During the day, a colony of bats sleeps behind the bookcases or out in the palace garden. At night, after the library is closed, bats are allowed to feast on any pests present. This has been going on for centuries, perhaps as far back as the creation of the library itself. This comes with one disadvantage though - the copious amount of droppings each and every night. To combat this, library workers cover the furniture before they leave, and spend their mornings carefully cleaning the marble floors to erase all evidence of the bats' presence.
The Tapada hunting park is more of a mini-zoo attraction with 'free roaming' deer and boars. Just like the Cerco Garden, it is open every day including Tuesdays. I found the entrance ticket a bit too expensive for what you get to visit and if pressed for time, I reckon that a peek at the surrounding hills and landscape from outside and at the parking area would be enough to save some time and money.
The town proudly displays the UNESCO sign literally at every entrance of every single component, but also on the pavement, next to the tourist information office, before reaching Mafra, etc. It is a very pleasant place to visit as a half day trip from Lisbon but I'd recommend staying overnight to beat any of the morning and lunch time crowds.
Mafra Palace, Convent and Royal Hunting Park became my first ‘new’ WHS post-Covid! I had planned to go and pick up the 2 recently inscribed Portuguese WHS in April already but had to cancel at the time. After things started opening up again within the EU, this trip quickly got back to the top of my list as Portugal was welcoming tourists with open arms. I wouldn’t normally visit Portugal in mid-summer (it was 36 degrees Celsius!), but the good feeling of being able to travel again overcame any disadvantages.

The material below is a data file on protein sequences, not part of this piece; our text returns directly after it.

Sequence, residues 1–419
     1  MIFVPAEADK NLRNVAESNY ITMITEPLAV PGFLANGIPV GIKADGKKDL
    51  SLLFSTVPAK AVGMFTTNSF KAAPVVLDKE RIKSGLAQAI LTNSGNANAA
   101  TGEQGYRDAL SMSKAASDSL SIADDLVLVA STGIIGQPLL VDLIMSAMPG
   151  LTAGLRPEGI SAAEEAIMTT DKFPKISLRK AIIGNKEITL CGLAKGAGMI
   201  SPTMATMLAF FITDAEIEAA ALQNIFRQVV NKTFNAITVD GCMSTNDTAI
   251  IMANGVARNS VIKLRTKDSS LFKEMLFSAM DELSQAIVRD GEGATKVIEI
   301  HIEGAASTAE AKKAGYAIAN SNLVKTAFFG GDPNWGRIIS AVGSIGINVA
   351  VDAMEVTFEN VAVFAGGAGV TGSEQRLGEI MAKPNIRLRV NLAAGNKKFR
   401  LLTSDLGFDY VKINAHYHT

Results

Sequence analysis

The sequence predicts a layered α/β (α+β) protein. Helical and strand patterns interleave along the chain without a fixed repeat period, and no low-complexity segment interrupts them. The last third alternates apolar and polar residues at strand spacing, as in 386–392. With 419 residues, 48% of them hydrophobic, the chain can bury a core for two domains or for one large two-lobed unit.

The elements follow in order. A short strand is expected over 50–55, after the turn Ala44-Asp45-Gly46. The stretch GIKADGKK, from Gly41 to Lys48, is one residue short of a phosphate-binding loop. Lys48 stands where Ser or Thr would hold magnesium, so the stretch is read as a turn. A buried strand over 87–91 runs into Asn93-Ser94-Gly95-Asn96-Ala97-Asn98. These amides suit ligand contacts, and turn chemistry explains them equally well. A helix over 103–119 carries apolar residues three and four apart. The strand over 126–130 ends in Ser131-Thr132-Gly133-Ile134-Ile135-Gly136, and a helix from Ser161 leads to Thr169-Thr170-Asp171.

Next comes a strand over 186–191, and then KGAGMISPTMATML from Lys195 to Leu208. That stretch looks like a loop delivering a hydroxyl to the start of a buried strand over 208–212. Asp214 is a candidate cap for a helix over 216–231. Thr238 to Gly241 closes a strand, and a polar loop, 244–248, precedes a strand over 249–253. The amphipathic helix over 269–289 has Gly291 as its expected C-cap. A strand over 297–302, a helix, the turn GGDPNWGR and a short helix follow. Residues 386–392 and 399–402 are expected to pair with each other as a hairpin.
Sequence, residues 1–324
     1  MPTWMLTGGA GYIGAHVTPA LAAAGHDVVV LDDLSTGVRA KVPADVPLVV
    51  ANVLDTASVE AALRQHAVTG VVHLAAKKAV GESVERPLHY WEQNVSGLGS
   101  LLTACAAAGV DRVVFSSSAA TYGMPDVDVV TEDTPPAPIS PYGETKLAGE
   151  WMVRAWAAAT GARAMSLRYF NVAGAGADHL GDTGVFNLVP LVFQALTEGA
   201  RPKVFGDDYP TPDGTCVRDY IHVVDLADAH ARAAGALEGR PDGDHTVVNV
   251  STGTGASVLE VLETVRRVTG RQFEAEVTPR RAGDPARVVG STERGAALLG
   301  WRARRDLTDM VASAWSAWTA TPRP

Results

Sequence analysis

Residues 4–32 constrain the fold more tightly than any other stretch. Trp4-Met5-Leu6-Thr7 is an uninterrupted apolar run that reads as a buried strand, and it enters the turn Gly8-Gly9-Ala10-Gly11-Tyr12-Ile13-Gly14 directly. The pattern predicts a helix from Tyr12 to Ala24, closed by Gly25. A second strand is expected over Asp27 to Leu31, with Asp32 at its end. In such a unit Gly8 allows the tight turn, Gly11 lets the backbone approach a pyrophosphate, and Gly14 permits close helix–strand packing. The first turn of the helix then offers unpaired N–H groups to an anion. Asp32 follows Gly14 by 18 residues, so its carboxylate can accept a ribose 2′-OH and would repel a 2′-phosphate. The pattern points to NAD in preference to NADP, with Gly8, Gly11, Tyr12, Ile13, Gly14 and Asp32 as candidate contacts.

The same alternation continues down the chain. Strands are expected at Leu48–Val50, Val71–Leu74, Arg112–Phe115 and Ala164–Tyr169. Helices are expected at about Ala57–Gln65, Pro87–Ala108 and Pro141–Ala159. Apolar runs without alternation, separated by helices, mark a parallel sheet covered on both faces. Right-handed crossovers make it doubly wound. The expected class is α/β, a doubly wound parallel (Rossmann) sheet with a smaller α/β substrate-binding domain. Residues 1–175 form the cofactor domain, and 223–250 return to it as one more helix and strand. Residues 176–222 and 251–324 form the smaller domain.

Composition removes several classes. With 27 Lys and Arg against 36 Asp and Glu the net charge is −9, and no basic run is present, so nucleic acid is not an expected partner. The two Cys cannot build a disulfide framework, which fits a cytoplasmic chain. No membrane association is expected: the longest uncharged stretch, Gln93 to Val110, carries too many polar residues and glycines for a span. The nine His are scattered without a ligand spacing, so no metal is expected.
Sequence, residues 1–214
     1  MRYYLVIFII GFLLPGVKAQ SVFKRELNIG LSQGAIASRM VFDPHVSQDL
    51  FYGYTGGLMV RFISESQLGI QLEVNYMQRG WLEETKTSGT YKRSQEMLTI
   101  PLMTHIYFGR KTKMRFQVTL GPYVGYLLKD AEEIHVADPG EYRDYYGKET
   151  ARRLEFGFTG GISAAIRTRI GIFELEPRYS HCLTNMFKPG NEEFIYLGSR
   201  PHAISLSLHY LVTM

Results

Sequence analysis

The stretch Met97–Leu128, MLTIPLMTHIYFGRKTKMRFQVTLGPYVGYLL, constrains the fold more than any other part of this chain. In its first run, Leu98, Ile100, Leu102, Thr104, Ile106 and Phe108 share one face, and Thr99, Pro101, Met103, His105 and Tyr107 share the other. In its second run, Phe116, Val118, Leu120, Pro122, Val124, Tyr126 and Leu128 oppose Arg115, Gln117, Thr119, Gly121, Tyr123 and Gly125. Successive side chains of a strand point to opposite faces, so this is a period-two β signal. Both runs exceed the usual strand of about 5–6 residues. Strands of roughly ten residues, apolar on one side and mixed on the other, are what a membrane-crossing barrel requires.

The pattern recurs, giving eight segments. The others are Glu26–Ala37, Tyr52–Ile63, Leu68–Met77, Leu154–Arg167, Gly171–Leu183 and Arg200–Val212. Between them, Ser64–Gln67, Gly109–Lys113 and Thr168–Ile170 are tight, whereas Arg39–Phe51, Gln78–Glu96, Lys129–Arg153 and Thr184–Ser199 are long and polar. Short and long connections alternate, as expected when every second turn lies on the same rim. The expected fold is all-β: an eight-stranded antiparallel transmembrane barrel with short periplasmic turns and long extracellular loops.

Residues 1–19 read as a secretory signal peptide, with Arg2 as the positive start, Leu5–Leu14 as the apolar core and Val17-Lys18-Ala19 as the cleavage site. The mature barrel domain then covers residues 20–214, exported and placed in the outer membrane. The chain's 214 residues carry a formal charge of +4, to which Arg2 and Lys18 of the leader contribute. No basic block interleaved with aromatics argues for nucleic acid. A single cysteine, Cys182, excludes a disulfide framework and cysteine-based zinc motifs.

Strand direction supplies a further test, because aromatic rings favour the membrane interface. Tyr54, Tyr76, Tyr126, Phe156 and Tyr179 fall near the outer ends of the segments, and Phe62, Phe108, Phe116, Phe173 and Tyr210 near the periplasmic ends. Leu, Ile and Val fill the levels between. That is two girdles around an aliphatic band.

Mafra hasn’t received the best of reviews, “another run-of-the-mill Baroque palace/monastery” sums it up I guess. All previous reviewers ‘only’ visited the Palace, so I planned to focus on the Tapada: the hunting park. I just did a photo stop at the palace, which seems way too big for its surroundings. There’s a convenient large, free parking next to it and I also enjoyed a 1.60 EUR fish soup for lunch at a bakery in the street across.
The Mafra WHS comprises only 1 location (it’s a large area), but still, the entrance to the Tapada lies 7 km away from the Palace. I drove there in my rental car, via narrow and winding roads. It is signposted well, also with UNESCO signs. At the entrance, I found out that, as an anti-Covid measure, visits to the park have to be pre-booked via their website. Fortunately, I could do that via my phone and be able to secure a spot for the next time slot. They only let 10 people in every 30 minutes, but there were far fewer visitors than that on the Friday afternoon when I was there.
The Tapada de Mafra is an enclosed area that was created to bring self-sufficiency to Mafra, not only by hunting. It had water reserves, farming livestock, orchards, vegetable gardens, and woodland for timber and firewood. It is now mostly a recreational area: there are four signposted walking trails, a mountain bike route, and a falconry show. The helpful information centre at the entrance also has toilets and (in normal times) a cafeteria, of which now only the vending machines were accessible.
I choose the Blue walking trail, the shortest at 4.5km. It only goes to the central area of the park, while the other routes also reach the fringes and are a better bet to see animals (I hesitate to call it wildlife). Nevertheless, I encountered a number of deer along my route, they seemed to have succumbed to the heat and were just resting in the shade. It’s a pleasant walk, with interesting tree formations to look at. It loops around the center where there is a rather modest royal hunting pavilion and stables for the horses of the guests. You’ll also pass a lime kiln and a row of hunting shelters: small bunkers from where they used to shoot the game.